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Unit 5 Commits To Sustained Work To Reduce Racial Disparity

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Unit 5 schools recently rolled out a diversity action plan to address racial discrepancies and disparities, coupled with the release of a diversity audit of what the district already is doing. Deep cultural changes on inclusion will not happen overnight, acknowledged Superintendent Kristen Weikle.

Speaking on WGLT's Sound Ideas, Weikle said a sustained campaign to be more inclusive and to eliminate racial disparities — such as disproportionate suspensions — will take years of a team effort to get the district to a better place.

"This needs to be a part of the way that we work and think moving forward for years to come. Just myself or new Diversity, Equity, and Inclusion Director Kristal Shelvin standing up and saying, 'This is important' — that's not going to get us there. What's going to get us there is having the majority of our staff really invested and involved," said Weikle.

Weikle said she was not really surprised by the audit results because the district already had reviewed data sent to the team doing the audit and were aware of other stories.

"We want them to reflect and then have conversations with one another about, 'Tell me about your experiences,' because their experiences are more than likely different than mine. That's how we learn and can grow and ultimately best serve our students," said Weikle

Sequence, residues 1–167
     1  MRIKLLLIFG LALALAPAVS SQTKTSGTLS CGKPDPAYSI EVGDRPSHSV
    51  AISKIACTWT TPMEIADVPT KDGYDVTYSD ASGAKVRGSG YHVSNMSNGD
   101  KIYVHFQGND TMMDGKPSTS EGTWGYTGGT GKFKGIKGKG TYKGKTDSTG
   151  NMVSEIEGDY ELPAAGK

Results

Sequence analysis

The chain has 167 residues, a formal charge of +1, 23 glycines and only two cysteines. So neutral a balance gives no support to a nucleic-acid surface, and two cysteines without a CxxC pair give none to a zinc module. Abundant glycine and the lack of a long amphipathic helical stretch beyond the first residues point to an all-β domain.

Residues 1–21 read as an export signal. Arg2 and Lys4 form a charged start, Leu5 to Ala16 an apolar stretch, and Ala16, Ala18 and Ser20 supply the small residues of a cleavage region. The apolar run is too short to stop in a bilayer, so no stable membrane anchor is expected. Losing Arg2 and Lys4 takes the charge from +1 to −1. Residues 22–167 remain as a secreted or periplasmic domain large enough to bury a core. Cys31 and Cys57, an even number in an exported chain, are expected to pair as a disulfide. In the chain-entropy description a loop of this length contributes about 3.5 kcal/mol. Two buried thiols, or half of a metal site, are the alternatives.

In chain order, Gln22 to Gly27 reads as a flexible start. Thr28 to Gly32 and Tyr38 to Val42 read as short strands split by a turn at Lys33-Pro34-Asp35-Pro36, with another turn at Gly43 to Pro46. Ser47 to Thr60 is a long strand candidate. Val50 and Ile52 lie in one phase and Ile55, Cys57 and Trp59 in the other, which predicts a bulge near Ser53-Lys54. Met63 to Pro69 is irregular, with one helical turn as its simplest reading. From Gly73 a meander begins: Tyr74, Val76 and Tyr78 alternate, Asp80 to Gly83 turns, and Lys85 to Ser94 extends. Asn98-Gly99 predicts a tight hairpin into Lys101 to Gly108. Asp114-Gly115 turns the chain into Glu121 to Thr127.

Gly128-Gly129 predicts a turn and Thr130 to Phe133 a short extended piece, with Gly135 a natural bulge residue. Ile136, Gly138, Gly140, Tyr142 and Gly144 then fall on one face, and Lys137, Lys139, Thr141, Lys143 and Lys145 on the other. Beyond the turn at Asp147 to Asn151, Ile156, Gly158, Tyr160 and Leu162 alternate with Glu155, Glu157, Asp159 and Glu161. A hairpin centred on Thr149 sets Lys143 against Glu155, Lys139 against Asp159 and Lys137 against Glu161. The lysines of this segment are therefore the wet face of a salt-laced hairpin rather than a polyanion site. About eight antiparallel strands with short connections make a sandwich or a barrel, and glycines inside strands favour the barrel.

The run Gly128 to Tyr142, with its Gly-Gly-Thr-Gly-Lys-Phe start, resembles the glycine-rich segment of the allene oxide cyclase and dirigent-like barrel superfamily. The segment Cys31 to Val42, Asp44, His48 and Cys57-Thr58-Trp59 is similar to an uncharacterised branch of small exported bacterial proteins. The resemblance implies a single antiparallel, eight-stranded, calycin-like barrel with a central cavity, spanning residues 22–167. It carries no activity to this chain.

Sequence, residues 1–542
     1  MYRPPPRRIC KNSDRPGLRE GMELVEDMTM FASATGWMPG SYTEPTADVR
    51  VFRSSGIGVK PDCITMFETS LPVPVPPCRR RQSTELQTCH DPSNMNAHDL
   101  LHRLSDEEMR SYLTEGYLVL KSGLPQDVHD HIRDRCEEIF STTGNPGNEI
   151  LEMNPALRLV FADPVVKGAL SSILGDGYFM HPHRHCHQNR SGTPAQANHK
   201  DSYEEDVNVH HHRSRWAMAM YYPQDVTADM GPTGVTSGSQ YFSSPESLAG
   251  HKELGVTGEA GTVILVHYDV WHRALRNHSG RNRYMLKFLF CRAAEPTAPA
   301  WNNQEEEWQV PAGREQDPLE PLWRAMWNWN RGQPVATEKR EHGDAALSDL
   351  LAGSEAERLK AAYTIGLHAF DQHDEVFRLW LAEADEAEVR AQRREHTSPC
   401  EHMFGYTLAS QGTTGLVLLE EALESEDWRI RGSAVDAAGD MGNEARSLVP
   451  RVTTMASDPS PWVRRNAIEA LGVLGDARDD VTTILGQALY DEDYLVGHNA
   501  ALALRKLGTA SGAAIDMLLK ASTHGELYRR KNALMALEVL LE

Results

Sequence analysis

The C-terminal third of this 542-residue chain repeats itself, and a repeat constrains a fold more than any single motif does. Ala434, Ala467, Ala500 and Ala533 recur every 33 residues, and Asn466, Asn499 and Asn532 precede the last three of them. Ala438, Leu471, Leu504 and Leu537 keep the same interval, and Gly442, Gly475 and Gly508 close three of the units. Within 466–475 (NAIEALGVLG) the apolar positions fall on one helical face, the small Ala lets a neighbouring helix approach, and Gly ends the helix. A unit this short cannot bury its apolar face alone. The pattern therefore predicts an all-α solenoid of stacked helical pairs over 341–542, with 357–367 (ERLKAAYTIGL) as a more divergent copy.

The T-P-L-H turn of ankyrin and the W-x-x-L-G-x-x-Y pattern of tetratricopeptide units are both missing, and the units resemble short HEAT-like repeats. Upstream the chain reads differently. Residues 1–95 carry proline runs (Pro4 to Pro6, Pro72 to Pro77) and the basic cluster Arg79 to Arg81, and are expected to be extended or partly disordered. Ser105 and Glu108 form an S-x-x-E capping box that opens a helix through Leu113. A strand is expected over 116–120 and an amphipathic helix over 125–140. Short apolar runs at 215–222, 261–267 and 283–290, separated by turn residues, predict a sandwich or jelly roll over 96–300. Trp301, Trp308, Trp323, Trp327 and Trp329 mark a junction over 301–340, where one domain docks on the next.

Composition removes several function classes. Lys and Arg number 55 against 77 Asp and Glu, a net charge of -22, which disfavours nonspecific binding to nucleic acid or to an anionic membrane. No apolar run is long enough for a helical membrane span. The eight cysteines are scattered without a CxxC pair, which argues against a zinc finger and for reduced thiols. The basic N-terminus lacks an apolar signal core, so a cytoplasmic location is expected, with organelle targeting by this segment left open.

Weikle also said the conversation cannot just be top down. Staff professional development efforts also must be a self-directed exploration of a person's own biases.

Only when people talk with each other about their own biases will the district effect lasting change, said Weikle, adding internalizing the diversity action plan and the results of the audit is partly up to leadership to keep the issue front and center.


On another topic, Weikle said Unit 5 enrollment appears to have returned to pre-pandemic levels.

"We have had an increase in our elementaries compared to last year. We have had to add back a couple of sections at the elementary level," she said.

During the pandemic, some parents took their children out of Unit 5 and put them in private schools that held classes in person. There was also some thought that kindergarten enrollment would be unusually high this year because parents might have held their children out and not started them when classes were virtual.

Weikle said the district will not have to add kindergarten sections.

"You know typically at kindergarten, we try to have those numbers smaller than maybe a fifth grade class size. Just by the nature of having more sections (to begin with), I think we were able to absorb some of those students that maybe didn't maybe start kindergarten last year who were age eligible," said Weikle.

With Rivian's continued hiring surge and if Samsung builds a battery plant in Normal, it's possible that in less than a decade the Twin Cities will have added more than 8,000 new manufacturing jobs. Some of those people will be living in Bloomington-Normal.

Even though some schools are getting close to capacity, Weikle doesn't think those potential new jobs will stress the system.

"Anytime there's a potential for a new company, particularly a large one, to come to our area, we are always thinking about, 'What will be the needs of the students and families that may reside in Unit 5?' Knowing that will probably be a great deal that would also be commuting and living regionally, so knowing that we wouldn't have a massive influx because we're only going to have the influx based on housing availability."

Weikle said more than likely, Unit 5 will see some growth, but will not be overstretched. She said assessing that impact won’t be important until, perhaps, a couple years from now.

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